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date: 23 May 2024

Culinary Tourismfree

Culinary Tourismfree

  • Alicia KennedyAlicia KennedyIndependent Scholar


[This is an advance summary of a forthcoming article in the Oxford Research Encyclopedia of Food Studies. Please check back later for the full article.]

Culinary tourism has been defined as “the intentional, exploratory participation in the foodways of an other.” The culinary tourist is understood as an individual who actively constructs meaning in their experience through an aesthetic appreciation of food. When one travels, one eats, but this does not always mean partaking in culinary tourism. By definition, culinary tourism entails an intentional and exploratory aspect. It has become a popular way of interacting with the world, whether through actually travelling, using social media to learn about foodways, cooking dishes from cultures other than one’s own, or watching food television. Going to a grocery store in a new area is also considered culinary tourism, according to the definition set forth by Lucy M. Long in Culinary Tourism. The multifaceted nature of culinary tourism requires a multidisciplinary approach that draws from anthropology, media studies, history, and food studies.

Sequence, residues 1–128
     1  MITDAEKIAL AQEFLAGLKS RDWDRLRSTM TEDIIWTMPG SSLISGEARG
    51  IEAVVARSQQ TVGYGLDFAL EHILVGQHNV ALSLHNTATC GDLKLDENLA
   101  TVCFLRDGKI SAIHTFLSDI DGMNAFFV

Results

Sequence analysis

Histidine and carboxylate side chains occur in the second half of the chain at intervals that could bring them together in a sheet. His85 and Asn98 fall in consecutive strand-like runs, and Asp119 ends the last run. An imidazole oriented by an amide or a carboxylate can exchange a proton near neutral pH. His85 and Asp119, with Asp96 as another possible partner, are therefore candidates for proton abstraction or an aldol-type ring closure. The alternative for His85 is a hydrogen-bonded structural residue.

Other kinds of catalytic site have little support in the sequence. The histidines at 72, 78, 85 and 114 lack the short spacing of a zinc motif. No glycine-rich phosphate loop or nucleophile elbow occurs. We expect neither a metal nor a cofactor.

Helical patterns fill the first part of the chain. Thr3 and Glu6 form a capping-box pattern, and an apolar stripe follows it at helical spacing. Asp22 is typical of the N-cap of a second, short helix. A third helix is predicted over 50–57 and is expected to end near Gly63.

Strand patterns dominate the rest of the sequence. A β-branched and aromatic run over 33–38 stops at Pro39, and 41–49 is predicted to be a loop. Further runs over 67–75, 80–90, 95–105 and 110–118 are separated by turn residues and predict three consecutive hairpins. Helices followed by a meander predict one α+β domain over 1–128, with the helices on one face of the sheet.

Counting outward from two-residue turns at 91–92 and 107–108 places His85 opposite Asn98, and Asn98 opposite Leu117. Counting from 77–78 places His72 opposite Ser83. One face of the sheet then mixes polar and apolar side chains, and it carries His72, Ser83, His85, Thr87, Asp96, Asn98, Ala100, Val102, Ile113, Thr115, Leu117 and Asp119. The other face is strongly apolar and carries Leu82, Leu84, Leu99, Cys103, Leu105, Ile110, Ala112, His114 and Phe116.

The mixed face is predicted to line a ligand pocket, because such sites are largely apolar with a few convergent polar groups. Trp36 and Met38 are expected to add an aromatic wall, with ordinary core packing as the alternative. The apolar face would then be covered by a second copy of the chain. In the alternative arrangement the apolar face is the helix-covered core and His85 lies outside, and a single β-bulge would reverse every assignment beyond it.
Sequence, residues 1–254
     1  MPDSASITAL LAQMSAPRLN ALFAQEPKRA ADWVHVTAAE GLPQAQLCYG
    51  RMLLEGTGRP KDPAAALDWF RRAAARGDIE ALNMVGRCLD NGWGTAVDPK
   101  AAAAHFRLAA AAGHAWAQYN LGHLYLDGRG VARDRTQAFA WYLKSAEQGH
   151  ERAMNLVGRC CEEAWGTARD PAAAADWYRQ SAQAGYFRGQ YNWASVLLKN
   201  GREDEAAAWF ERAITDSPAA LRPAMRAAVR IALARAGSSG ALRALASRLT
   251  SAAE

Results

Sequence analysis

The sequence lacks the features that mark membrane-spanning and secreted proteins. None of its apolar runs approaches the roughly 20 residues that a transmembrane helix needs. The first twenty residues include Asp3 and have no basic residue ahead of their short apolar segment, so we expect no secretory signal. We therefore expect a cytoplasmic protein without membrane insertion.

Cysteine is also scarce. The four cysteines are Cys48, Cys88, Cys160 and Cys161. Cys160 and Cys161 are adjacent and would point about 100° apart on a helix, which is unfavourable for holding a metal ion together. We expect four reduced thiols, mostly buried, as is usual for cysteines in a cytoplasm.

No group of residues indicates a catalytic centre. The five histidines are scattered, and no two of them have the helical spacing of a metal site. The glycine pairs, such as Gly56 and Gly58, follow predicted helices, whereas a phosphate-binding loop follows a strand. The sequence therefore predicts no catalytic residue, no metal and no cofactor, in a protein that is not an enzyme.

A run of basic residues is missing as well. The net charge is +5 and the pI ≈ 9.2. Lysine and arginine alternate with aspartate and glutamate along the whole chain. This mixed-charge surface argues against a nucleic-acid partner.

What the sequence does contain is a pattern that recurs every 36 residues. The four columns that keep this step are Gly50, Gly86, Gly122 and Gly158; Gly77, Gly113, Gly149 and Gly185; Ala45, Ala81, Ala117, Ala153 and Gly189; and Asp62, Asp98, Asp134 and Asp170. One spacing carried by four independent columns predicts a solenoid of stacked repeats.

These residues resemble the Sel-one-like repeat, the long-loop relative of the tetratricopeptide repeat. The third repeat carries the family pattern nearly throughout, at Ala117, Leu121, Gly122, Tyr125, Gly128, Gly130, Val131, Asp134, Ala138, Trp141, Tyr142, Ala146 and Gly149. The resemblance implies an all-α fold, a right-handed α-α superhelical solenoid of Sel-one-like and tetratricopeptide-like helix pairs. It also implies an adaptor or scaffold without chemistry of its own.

In the 21st century, food has been used as a tool of national soft-power interests—chiefly in places such as Denmark and Peru—and the enticement of the culinary tourist has been part of this political work. A more contemporary understanding of culinary tourism would explore the use of food as a tool of soft power, where desire and exploration are somewhat democratized by social media but political-economic power and Western interests still dominate the ways in which a cuisine is understood as worthy of intentional, exploratory participation.


  • Food and the Media